Washington Post has some good stuff about Obama and new media. This article says he's going to beef up the communication's staff to marshall in a stronger web presence. And this one talks about the tension between the President-Elect and the press.
The first one is promising, so long as it isn't just propaganda. If his administration puts actual work product out with the polished press releases, policy papers and speeches and such, I think this could be really valuable for people who want to engage the system. I hope they put out some real substantive stuff -- source documents, studies, etc. It doesn't cost anything to put that stuff out there, and most folks won't read it, but it gives those of us who would the option of studying issues and initiatives in depth.
Or, from a more selfish perspective, it could give a journalist from the fly-over land a way to build a little beat circuit in the White House and look for stories or even a book. There are obviously going to be tons of books about this presidency, and I'd like to keep the option open to write one of them.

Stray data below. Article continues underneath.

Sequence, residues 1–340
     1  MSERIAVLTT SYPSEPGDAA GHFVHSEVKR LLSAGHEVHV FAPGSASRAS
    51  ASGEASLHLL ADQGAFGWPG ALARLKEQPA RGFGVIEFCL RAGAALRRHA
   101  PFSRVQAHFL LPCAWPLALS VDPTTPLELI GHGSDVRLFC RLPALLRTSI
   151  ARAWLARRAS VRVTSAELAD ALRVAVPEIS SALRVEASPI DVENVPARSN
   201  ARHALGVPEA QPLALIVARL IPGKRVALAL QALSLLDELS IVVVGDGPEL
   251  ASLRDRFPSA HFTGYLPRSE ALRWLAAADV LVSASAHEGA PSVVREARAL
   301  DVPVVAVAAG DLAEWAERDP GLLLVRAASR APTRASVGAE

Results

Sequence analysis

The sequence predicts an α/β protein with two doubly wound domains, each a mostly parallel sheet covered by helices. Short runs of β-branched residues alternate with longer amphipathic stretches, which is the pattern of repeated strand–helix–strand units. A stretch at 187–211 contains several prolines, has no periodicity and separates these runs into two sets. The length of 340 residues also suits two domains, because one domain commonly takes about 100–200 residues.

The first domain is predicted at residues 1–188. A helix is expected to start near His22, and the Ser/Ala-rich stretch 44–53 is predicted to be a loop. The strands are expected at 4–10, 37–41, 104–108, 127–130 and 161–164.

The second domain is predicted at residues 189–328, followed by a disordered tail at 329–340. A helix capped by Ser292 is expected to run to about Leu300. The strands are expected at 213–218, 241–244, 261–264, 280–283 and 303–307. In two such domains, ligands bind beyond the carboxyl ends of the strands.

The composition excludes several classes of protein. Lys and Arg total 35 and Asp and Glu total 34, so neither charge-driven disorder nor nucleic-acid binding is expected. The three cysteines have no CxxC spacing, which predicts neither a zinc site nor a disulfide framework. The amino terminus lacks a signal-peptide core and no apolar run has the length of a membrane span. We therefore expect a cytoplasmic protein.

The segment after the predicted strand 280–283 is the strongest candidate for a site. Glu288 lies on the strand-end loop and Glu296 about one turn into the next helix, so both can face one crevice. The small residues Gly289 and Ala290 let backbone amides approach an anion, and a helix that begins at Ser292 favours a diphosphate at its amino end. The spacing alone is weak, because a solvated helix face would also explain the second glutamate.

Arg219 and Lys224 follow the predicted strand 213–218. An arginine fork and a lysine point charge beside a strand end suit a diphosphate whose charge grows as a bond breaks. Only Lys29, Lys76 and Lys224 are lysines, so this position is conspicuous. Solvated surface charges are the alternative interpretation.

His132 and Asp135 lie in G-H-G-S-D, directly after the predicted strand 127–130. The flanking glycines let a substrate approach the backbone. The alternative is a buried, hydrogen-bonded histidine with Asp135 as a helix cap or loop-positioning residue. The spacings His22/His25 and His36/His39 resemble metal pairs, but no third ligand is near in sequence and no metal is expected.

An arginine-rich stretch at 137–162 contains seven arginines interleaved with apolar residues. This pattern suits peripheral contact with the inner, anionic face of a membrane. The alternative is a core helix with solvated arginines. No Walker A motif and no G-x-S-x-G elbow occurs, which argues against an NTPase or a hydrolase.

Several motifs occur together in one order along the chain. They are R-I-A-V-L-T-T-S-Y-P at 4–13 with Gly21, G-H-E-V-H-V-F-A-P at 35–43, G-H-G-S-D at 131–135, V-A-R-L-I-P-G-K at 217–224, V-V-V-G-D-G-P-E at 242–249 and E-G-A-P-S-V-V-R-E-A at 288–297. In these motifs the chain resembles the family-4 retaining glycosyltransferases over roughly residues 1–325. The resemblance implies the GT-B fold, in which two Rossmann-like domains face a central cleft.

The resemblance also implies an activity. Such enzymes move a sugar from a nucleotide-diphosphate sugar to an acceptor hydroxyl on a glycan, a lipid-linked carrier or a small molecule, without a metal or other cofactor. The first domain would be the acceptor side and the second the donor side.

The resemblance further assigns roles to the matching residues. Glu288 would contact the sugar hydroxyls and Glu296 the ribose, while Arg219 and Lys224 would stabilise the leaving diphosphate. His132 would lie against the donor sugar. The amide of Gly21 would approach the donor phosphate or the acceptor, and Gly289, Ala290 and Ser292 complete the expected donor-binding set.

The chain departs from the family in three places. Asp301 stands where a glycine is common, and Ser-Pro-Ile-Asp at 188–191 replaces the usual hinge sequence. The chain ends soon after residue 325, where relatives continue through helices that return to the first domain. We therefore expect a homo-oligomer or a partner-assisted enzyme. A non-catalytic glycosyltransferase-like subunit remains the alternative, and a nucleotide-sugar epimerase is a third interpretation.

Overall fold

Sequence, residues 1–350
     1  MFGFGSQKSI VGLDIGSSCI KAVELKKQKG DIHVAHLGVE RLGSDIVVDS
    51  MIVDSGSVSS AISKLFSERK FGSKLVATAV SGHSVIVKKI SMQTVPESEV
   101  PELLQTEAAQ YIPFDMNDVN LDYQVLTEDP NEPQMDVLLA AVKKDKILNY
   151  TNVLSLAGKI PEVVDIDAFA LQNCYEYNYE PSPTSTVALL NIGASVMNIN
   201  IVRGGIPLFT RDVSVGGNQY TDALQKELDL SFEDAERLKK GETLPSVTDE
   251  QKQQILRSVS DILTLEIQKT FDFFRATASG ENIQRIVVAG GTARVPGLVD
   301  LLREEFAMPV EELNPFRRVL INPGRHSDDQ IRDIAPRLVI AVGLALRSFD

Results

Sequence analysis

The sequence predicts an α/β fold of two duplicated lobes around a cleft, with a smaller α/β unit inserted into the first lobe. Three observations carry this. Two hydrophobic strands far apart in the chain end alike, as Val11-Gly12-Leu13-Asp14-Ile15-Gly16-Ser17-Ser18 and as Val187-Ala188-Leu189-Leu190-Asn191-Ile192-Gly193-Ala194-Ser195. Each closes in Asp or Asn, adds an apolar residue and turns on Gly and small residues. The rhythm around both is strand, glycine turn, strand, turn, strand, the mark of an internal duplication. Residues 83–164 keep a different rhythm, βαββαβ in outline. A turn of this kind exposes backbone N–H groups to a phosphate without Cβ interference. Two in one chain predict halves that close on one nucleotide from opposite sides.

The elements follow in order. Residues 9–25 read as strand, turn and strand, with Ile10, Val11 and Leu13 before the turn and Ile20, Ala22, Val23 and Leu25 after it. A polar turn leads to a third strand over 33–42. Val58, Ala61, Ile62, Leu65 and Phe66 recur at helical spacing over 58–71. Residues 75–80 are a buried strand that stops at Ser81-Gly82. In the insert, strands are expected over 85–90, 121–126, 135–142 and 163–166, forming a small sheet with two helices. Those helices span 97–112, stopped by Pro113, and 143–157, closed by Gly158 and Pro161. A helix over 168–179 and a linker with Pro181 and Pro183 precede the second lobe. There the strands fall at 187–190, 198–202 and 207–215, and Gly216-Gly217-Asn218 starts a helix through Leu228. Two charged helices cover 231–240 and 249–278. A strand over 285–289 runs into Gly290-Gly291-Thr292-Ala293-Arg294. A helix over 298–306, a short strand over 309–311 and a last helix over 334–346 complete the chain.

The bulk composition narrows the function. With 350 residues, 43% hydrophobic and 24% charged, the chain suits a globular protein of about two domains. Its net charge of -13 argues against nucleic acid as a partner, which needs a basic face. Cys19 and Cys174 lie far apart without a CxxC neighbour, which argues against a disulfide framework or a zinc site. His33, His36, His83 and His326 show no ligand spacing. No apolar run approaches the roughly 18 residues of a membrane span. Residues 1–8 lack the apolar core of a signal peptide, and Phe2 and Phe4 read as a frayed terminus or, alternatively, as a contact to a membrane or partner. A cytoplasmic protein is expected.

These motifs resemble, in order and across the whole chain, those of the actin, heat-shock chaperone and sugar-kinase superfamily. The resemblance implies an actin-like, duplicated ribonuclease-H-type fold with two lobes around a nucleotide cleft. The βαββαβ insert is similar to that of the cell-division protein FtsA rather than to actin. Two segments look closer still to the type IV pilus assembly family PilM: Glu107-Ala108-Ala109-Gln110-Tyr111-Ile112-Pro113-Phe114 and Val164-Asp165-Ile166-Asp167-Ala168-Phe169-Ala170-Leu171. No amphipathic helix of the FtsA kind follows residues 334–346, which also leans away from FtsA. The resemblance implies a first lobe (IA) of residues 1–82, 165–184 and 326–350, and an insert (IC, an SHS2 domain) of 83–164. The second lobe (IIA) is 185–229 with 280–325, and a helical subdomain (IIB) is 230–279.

I checked out his transition website. Not a lot there. I went ahead and applied for a job. Why not? At some point, I'll probably share my story and vision for the country.
On the press side, my perspective on this is quite a bit different now that I've done a short stint in an elected office. I have to say, I sympathize with Obama's position. On the other hand, he needs to get over it. The press has always been at odds with people in power, and it always will be. Bottom line: Reporters are out to score points and draw eyeballs. Conflict drives everything. And conformity and group think are all pervasive. But, as one of the best journalists said, "That's the way it is." And the media is, for the most part, the conduit to the people, the means by which to inform of progress, or lack there of.
Ramble, ramble. Obviously, this idea's not fully baked yet. More later, maybe...
Meantime, here's a collection of hypoallergenic dogs.